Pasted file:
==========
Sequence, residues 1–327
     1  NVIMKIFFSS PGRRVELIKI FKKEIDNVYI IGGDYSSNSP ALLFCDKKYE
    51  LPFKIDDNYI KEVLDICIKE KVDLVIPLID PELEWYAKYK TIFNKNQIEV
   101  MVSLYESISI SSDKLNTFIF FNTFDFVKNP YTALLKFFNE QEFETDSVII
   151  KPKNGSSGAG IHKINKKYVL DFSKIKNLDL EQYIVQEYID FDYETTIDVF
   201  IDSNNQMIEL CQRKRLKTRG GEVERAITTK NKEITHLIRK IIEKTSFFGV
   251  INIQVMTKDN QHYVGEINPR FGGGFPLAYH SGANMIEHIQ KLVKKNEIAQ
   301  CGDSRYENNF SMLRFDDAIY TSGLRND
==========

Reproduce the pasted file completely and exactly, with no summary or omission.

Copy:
Sequence, residues 1–327
     1  NVIMKIFFSS PGRRVELIKI FKKEIDNVYI IGGDYSSNSP ALLFCDKKYE
    51  LPFKIDDNYI KEVLDICIKE KVDLVIPLID PELEWYAKYK TIFNKNQIEV
   101  MVSLYESISI SSDKLNTFIF FNTFDFVKNP YTALLKFFNE QEFETDSVII
   151  KPKNGSSGAG IHKINKKYVL DFSKIKNLDL EQYIVQEYID FDYETTIDVF
   201  IDSNNQMIEL CQRKRLKTRG GEVERAITTK NKEITHLIRK IIEKTSFFGV
   251  INIQVMTKDN QHYVGEINPR FGGGFPLAYH SGANMIEHIQ KLVKKNEIAQ
   301  CGDSRYENNF SMLRFDDAIY TSGLRND